Free Market Birth Control Solution

I’m new to this making policy proposals, but I think there is an easy way for protect religious freedom while promoting a market based solution to concerns about birth control coverage.  First, let’s settle a couple of points up front.  Religious affiliated organizations should not be forced to provide birth control coverage if it goes against the tenants of their faith.  Second, birth control decreases the overall costs of health insurance by decreasing pregnancies, particularly those that are unwanted, while also serving legitimate medical purposes unrelated to birth control.

If we can agree on those two points, it seems that the following solutions would follow:

Any religious institution opposed to providing birth control, which reduces the cost of health care, will be permitted to pay a higher premium to cover the cost of implementing their conscience bond choice.

At the same time, insurance companies, who seek to maximize profits, would be permitted to negotiate incentives with individuals regarding the use of birth control.

I see this as a win-win-win.  Religious freedom wins and institutions are free to pay the higher cost of not providing preventive medicine; insurance companies have the opportunity to use market forces instead of government dictates to drive their bottom line; and women, I think in the end, will have greater access to birth control.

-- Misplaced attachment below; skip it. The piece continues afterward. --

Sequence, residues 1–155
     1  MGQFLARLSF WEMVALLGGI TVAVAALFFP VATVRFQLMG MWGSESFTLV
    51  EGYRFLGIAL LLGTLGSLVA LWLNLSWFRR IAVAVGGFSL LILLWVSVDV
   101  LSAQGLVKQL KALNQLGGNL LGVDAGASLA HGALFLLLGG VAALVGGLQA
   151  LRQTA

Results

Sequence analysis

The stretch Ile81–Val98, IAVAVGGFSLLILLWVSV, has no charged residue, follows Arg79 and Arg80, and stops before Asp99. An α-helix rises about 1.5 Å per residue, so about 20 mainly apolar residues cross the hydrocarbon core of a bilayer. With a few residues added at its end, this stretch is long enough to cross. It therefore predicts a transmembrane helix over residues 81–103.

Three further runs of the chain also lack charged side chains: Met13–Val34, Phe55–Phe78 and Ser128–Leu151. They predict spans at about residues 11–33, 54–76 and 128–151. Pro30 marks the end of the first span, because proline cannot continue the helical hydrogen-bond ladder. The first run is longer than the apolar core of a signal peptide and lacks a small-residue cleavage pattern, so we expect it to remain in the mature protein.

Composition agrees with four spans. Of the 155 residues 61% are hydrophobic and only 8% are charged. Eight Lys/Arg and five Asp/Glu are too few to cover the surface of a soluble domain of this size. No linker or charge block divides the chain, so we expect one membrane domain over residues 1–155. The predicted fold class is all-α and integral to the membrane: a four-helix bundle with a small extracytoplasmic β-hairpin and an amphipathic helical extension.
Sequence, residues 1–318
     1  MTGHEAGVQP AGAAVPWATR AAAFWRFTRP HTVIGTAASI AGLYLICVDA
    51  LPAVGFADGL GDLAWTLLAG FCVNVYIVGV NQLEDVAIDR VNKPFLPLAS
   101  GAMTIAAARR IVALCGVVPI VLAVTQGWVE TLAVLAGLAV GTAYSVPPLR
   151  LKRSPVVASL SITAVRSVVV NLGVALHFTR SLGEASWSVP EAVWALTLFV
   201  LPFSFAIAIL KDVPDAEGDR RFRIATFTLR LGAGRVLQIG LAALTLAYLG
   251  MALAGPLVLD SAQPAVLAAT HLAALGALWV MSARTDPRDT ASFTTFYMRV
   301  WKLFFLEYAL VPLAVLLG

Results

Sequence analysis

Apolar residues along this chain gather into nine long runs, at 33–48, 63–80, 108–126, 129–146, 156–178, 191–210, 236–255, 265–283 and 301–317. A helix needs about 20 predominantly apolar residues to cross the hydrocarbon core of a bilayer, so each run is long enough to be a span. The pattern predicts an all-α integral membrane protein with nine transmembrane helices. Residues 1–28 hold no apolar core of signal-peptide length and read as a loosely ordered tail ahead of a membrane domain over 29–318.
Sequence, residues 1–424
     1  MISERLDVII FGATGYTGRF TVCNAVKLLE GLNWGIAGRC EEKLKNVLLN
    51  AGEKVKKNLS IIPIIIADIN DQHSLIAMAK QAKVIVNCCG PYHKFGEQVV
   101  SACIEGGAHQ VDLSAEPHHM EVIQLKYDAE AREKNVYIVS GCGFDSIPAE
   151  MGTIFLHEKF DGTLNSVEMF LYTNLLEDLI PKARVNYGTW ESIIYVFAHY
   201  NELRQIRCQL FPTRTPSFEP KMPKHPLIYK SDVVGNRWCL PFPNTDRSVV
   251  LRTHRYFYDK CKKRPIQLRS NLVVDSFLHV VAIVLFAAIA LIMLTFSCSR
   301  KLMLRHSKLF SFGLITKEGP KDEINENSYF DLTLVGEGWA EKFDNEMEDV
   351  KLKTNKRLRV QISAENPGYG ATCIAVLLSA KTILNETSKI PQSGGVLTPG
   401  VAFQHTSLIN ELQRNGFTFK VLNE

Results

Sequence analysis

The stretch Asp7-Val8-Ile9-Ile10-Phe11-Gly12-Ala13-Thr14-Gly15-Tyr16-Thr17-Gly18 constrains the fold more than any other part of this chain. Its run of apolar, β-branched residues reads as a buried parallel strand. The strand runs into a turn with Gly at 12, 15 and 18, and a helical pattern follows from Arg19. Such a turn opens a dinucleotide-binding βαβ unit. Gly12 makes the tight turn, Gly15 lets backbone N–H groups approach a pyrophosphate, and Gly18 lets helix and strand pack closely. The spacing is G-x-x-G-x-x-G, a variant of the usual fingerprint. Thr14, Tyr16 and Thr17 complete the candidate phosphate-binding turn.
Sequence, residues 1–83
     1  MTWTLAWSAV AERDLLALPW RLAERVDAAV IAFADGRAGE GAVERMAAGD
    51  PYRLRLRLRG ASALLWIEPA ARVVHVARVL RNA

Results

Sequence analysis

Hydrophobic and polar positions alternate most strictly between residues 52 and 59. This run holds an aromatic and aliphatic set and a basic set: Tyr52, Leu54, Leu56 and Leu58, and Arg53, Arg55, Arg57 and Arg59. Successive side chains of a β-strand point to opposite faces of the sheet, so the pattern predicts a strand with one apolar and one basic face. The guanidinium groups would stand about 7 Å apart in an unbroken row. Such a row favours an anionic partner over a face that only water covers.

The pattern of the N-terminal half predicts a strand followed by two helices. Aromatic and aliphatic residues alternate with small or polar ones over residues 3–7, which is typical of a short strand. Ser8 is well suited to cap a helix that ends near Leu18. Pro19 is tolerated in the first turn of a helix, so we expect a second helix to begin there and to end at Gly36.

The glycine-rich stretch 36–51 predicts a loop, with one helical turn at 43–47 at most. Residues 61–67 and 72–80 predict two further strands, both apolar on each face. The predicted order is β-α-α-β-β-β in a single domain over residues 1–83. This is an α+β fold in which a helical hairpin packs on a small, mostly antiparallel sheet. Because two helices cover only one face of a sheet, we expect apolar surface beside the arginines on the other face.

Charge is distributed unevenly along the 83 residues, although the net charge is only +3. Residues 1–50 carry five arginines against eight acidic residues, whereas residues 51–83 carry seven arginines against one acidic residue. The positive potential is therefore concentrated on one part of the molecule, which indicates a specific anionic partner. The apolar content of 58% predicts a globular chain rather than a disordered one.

I recognize that this is my first blog – ever!   Please be gentle.  I know I have not worked all the numbers, but it just seems to make sense to me.  Instead of forcing intuitions to “pay” for birth control, simply allow them to NOT benefit from the financial savings of providing it.

Comment (1)

  1. Blue12345

    You acknowledge you haven’t worked the numbers – neither have I.  I wonder how much more money Catholic institutions would need to pay to actually make up the financial differene for not providing birth control.  A normal hospital birth and prenatal without any complications ends up costing about 10k-20k, I believe, at a minimum.  Pregnancy and delivery is very expensive.  I don’t think Catholic institutions should have to pay proportionally to make up the difference (I know it wouldn’t be 10k, since everyone isn’t getting pregnant, but you get my point, it would be a pretty high number).  Making them pay a significantly higher rate for basically following religious beliefs doesn’t seem fair.  I think there should be some (reasonable) extra charge per year though, per person, although I’m not quite sure what that charge should be.

    Not bad for a first diary at all!  Keep on writin’.

    Reply

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